Thursday, February 19, 2015

The Wishing Season by Denise Hunter

This novel is another great Christian romance from Hunter. I am always interested in how a plot could be developed that hasn't been used before, and Hunter has done just that.

A wealthy Chapel Springs resident is leaving the town to live by her children and grandchildren. Rather than sell her large home, she has decided to give it to the person who can propose the best use for it. Two people compete. PJ McKinley has had as her dream opening her own restaurant. The large home has a second level so she could even make it into a B&B. Cole Evans had seen the offer and comes into town to propose a home for older foster teens, teens in transition. Having been in the foster system himself, he knows how hard it is for teens to find their way when they turn eighteen and are taken out of the system but are yet not ready for college.

This is a great story line. PJ's dream is a worthy one. Her combined restaurant and B&B would be a great addition to the town and would provide employment. But Cole's plan is great too. Unable to decide between the two, the elderly woman mandates that the two must each work on their dream for a year. PJ can open her restaurant on the first floor while Cole houses his teens on the second floor.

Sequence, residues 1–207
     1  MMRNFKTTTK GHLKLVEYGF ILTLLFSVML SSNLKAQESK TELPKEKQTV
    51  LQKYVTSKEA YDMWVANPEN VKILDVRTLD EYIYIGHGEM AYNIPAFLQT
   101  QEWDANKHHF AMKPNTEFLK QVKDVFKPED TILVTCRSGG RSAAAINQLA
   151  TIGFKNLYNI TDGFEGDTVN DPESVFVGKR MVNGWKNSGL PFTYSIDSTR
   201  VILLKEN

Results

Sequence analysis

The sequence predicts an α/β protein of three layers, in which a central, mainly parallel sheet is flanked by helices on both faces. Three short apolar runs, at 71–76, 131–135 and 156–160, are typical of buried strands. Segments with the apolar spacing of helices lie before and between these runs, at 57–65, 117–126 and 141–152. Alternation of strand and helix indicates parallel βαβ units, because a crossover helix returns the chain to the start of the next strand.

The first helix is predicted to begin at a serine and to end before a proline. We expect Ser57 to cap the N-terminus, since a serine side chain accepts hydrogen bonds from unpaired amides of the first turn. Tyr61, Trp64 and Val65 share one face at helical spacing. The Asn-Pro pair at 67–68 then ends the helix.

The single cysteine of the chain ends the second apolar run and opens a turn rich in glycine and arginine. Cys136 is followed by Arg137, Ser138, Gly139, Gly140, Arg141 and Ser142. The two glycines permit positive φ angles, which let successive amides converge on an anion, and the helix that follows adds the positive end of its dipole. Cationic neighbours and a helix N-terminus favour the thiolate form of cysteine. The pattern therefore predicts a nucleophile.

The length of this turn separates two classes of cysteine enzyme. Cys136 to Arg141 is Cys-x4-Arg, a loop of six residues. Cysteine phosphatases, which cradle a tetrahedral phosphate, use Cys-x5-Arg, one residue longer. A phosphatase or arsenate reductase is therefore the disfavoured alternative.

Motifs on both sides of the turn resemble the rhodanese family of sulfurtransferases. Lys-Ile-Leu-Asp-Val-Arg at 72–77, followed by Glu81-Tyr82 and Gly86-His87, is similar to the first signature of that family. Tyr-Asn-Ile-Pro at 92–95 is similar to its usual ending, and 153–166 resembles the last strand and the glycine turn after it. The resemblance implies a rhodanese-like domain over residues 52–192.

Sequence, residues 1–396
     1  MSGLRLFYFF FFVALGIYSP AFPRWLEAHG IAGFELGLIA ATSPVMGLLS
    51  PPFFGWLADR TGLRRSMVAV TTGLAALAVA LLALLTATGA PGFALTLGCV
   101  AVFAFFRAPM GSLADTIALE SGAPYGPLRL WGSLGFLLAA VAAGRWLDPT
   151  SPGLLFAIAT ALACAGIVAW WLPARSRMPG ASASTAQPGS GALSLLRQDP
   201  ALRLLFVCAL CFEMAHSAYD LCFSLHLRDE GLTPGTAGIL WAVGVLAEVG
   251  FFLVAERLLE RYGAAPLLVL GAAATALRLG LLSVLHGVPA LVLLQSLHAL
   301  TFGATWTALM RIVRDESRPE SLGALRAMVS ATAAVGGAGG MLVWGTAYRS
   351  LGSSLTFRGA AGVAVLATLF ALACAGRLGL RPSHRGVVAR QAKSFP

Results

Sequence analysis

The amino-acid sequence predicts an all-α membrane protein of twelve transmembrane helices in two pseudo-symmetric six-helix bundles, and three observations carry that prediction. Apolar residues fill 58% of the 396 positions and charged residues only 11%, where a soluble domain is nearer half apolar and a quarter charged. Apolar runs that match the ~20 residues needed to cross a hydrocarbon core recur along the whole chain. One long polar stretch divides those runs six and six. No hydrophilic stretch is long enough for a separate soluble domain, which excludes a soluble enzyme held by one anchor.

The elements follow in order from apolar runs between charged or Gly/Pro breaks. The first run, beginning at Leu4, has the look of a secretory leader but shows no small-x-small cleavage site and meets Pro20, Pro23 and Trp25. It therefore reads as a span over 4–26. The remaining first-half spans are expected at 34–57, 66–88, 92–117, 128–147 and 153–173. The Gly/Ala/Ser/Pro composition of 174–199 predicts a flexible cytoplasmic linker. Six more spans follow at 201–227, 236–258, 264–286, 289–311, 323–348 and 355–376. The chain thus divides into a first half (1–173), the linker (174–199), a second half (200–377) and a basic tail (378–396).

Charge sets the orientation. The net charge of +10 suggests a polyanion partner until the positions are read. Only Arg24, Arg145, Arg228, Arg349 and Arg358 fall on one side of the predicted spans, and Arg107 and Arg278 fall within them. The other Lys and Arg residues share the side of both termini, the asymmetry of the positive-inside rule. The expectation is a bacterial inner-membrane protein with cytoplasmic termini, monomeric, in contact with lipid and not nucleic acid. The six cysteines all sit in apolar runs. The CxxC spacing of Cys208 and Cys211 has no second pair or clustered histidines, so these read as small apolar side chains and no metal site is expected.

As you can imagine, that arrangement makes for a great story. PJ and Cole bicker yet there is an attraction that develops between the two. Cole has some serious issues from the past that he needs to work out before he is ready for a romantic relationship. PJ also must deal with her own sense of inadequacy and poor judgment. Add to the mix an old boyfriend of PJ's who barges in on the scene and you have the makings of a good romance.

The gospel is clearly presented in the novel. Both PJ and Cole need the redemption Christ offers so that they can move into the future. A rewarding novel to read and I recommend it.

Denise Hunter is the bestselling author of many novels. She lives in Indiana with her husband and sons. You can find out more at

Thomas Nelson, 322 pages.

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